08:46 Thursday 27 September 2012

Pets at Work

Written byBy Dale Preece-Kelly

We know that we like pets in our homes, and most schools these days have a hamster or stick insects. Why then, do we not have pets at work? In this months blog, I am going to explore this subject, and would welcome your input on it.

First of all, there ARE companies that already allow employees to bring their pets to work. Most of these are based in America, and a survey conducted in 2006 by The American Pet Product Manufacturers Association (APPMA) reports that nearly one in five American companies allows pets in the workplace. Amongst these companies are Amazon, Google and Ben & Jerry – yes, the ice cream maker. Suffice to say, the pets are not allowed onto the shopfloor, but are welcomed in the offices. There are strict rules and guidelines that employees bringing their pets to work have to adhere to – especially regarding clearing up after their pets, and consideration for co-workers with allergies.

These companies tend to allow just dogs to be brought to work though, and given that we know we should not leave our dogs alone for longer than 4 or 5 hours, this is as good for the dogs as it is for their owners. A recent study by Central Michigan University (reported in the Economist in August 2010) revealed that dogs in the workplace can lead to more trust between co-workers and that leads to more collaboration among team members. This can only be a good thing for productivity surely.

Reading this information, I wanted to know if any other trials had been done involving pets in the workplace. I looked into this a bit further and found that scientists had proven that a fish tank in a call centre, actually made it easier for the operatives to deal with difficult callers – when on a difficult call, the employees would watch the fish, making them calmer and more able to deal with the task.

One company tried a parrot, which proved to actually increase stress in the workplace, because of the noise that the animal made. Another put a hamster in the workplace, but used one of the stacking systems with tubes, and ran the tubes over and around the office desks. The hamster would run through the tubes, and the workers would give the hamster treats as it passed. This brought a general calm and happiness to the office. Not only did it reduce the stress of the workforce, but also the manager, as his team were happier and therefore had less issues with their routine tasks – and it also made them more productive.

Personally I feel that these results were shown because the distraction of the hamster passing the desk and receiving a treat from the employee, was enough to give a small but frequent relaxing break, and this is how pet therapy works – the interaction with the animals has to be on a regular and sustained basis.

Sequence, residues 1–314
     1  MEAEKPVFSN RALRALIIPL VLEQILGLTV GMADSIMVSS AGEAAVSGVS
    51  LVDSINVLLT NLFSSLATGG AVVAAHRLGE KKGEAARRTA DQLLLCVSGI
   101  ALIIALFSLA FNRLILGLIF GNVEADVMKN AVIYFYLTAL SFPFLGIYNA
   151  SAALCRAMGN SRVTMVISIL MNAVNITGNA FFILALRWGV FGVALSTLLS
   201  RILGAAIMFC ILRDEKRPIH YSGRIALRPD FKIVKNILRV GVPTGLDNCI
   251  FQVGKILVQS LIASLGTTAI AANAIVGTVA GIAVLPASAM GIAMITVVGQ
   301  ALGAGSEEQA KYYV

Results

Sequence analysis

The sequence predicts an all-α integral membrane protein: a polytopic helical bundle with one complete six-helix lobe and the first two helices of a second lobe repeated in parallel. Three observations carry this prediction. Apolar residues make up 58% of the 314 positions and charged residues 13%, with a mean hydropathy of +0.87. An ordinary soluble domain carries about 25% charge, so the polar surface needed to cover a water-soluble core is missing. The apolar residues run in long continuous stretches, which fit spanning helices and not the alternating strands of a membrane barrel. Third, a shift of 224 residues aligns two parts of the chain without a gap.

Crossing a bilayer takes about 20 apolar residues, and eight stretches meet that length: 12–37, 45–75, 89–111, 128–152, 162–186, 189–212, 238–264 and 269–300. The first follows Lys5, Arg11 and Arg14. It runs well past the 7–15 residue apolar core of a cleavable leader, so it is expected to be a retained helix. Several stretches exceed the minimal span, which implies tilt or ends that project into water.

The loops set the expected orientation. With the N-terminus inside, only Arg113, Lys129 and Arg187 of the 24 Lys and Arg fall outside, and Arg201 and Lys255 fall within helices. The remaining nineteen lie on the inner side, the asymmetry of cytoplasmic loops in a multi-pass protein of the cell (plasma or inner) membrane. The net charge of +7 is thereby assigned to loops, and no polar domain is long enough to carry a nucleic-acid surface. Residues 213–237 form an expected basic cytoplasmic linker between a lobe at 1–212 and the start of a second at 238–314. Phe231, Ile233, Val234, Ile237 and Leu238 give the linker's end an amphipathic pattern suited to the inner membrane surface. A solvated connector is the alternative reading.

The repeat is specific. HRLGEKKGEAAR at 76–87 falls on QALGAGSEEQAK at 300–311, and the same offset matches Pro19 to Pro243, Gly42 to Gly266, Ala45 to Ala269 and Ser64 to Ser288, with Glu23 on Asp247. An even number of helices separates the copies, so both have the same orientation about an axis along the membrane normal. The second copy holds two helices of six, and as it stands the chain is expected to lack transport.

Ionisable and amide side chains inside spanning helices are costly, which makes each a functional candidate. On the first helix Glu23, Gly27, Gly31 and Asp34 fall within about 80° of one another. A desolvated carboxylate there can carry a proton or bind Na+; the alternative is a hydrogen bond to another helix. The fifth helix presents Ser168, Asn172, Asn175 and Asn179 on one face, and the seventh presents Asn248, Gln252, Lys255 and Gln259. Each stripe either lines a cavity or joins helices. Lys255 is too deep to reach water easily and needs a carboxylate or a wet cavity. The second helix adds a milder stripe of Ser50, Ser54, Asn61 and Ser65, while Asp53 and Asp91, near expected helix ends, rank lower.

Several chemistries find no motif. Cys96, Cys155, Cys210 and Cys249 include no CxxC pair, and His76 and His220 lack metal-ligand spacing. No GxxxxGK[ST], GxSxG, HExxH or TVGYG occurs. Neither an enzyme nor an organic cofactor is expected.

Also acts of kindness tend to make us happier, therefore showing the animal kindness as he passed the desks, would have made the employee smile and therefore feel better about themselves. All of this makes for a more positive attitude, and a happier employee - multiply this by a team of 8 or 10 people and the atmosphere and environment become more positively charged and the team does too!

As a result of reading these studies, I now have a 'Desk Pet' as an experiment, to see if it makes me any more productive in my work. So far it has certainly given me something to look at when thinking – in a way it helps me concentrate and focus on my thoughts better. I know that I am surrounded by animals and my office space is filled with them, but to have one here in front of me is somehow more special. My 'Desk Pet' is a Thorny Toad or Desert Spiny Lizard called Stig, and very cute and interesting to watch.

Obviously this brings all manner of health and safety matters to the fore as well as moral arguments (although the Humane Society head office encourages employees to bring their dogs to work). We have to think about the health and welfare of the animals, and how the animal would be cared for as well as their quality of life. With the class pet, however, this has already been taken into account and is felt to be an acceptable situation. Maybe we should just start with an option to bring our dogs to work and then evolve the idea from there?

Anyone wishing to discuss this idea further with me, in terms of developing the idea of 'workplace pets', then please get in touch.

allsorts@critterishallsorts.co.uk

Telephone: 01543 342632

Mobile: 07794 342355

Critterish Allsorts undertake animal assisted therapy sessions, with their critters (who are all family pets), on an individual or group basis in your home, hospital, care home, foster home, or school. Visit their website for more information.

This blog is written by Dale Preece-Kelly from Critterish Allsorts, if you would like to find out more about them check out our previous article 'Meet the Critterish Allsorts'.
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